We’re saving about 97 percent of the annual cost of our legacy systems with AWS.
Shashank Sathe Chief Technology Officer, Bajaj Capital
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Bajaj Capital is a leading financial services group in India, offering services for mutual fund and bond investments, fixed-term deposits, insurance protection, and real-estate transactions. Launched in 1964, the group manages more than 1.5 million clients and assets worth more than INR 21,000 Crores [US$2.8 billion], and more than 60 percent of its clients have been with the group for over five years.

Nonetheless, the group is aware of the digital transformation taking place in its market—where technology is delivering highly personalized services, increasing customer expectations. Says Shashank Sathe, chief technology officer at Bajaj Capital, "Our digital goals were to deliver greater personalization at scale across multiple digital channels and from there,  develop services that offer greater convenience for our customers." 

Bajaj Capital’s digital journey was hindered, however, by its architecture, which included multiple legacy systems and couldn’t integrate with new digital applications. Bajaj Capital was also trapped in a costly cycle of platform-refresh programs every few years. Plus, as the on-premises infrastructure expanded, so did the management overhead. Metesh Bhati, Chief Digital Officer at Bajaj Capital, says, “Our legacy infrastructure was holding back the business. It was costly and couldn’t deliver personalized customer experiences across digital platforms.”

To deliver its IT goals, Bajaj Capital looked to re-architect its applications to run in the cloud. It looked for a cloud service provider that was an active contributor and participant in the open-source community. The group chose Amazon Web Services (AWS). Explains Bhati, “Because of its community links, we felt AWS was better able to support a flexible, highly cost-effective open stack compared to its competitors. We also felt that AWS was ahead of competitors in areas such as serverless computing and reducing platform management.”

Bajaj Capital created its own internal team to lead the AWS migration. It recruited IT engineers in India skilled in AWS products to not only re-architect the organization’s legacy environments, but also to train Bajaj Capital’s IT personnel in AWS services. “Our team of AWS-skilled engineers put our strategy, which we called ‘Tech + Touch’ in motion,” says Bhati. “Through our cloud integration, we wanted to use data and analytics to really maximize growth.”

Today, Bajaj Capital gives mutual-fund customers access to the latest information on their funds’ performance 24/7 via the website, which is device- and operating system–agnostic. This is now made possible by storing fund transactions and trades in Amazon DynamoDB. The information is then directed to an Amazon Simple Storage Service (Amazon S3) data lake, which contains historical data pulled from Bajaj Capital’s legacy databases. From there, the data is ingested into Amazon Elastic MapReduce (Amazon EMR), where data is added from third-party companies that also keep detailed records of transactions and trades for mutual funds.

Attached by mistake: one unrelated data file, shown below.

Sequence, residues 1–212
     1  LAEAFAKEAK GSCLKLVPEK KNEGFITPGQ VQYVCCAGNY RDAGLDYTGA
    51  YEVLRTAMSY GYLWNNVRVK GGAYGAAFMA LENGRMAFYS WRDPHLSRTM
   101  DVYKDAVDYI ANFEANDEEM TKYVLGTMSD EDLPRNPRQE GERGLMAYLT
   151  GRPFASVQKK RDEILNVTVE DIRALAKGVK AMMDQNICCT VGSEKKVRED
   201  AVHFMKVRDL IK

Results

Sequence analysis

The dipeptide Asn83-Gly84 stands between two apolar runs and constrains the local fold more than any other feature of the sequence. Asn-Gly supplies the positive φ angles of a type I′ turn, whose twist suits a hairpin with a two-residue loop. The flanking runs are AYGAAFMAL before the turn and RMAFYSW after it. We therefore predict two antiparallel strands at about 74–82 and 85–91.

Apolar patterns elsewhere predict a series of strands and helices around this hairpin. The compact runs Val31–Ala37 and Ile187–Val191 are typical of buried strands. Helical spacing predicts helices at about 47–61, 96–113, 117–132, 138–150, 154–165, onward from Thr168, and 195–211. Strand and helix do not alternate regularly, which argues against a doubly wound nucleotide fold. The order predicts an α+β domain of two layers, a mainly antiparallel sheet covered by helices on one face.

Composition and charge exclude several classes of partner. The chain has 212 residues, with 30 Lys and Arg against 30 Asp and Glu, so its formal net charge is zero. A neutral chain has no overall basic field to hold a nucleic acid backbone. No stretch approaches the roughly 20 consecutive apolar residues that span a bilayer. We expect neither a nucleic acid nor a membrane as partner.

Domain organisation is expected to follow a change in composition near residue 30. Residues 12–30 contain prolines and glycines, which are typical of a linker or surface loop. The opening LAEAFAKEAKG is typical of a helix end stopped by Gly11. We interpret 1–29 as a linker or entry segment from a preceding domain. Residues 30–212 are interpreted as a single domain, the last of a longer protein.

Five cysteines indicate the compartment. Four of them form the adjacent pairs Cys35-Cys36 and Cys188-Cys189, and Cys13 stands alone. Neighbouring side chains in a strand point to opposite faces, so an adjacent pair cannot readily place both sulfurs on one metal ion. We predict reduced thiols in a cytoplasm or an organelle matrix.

After processing, the portfolio data is stored in Amazon S3, where it is shared with Amazon DynamoDB. The responsive web app running on the customers’ smartphones accesses this data through an application programming interface (API) call that triggers AWS Lambda to serve up an instant view of the fund’s performance that day. “This is only the start,” says Bhati. “As we integrate artificial intelligence and machine learning, we will offer prediction-based services to help customers plan their investments more effectively.”

By working with AWS, Bajaj Capital is accelerating a digital journey that will deepen relationships with its customers. Says Bhati, “We are building on our clients’ trust by creating new value through greater personalization. By migrating from our legacy on-premises infrastructure to the AWS Cloud, we can deliver the digital services that today’s consumers increasingly expect.” Bhati contrasts the speed of the AWS infrastructure with its legacy infrastructure. “Just to load all the current and historical data from our legacy systems for a customer’s mutual fund portfolio would take 10 to 15 minutes, but with AWS, all that data is ingested by Amazon EMR in a couple of seconds.”

The cost of running the group’s infrastructure on the AWS Cloud is significantly less than the cost of an on-premises infrastructure. “We’re saving about 97 percent of the annual cost of our legacy systems with AWS,” says Sathe. “That equates to around INR 24 Crores [US$325,000], money that Bajaj Capital can invest in artificial intelligence and machine learning as it continues its digital journey.”

By migrating from proprietary systems with hard-coded business logic to the AWS Cloud, Bajaj Capital has also cut out a big chunk of IT administration time. AWS is responsible for the hardware underpinning its services, including maintaining resiliency and patching. This means that Bajaj Capital can concentrate IT resources on value-added tasks like software development. “We’ve cut IT management time by 40 to 50 percent with AWS,” says Bhati. “Our focus is now to develop services that can improve the customer experience using predictive analytics to deliver portfolio recommendations.”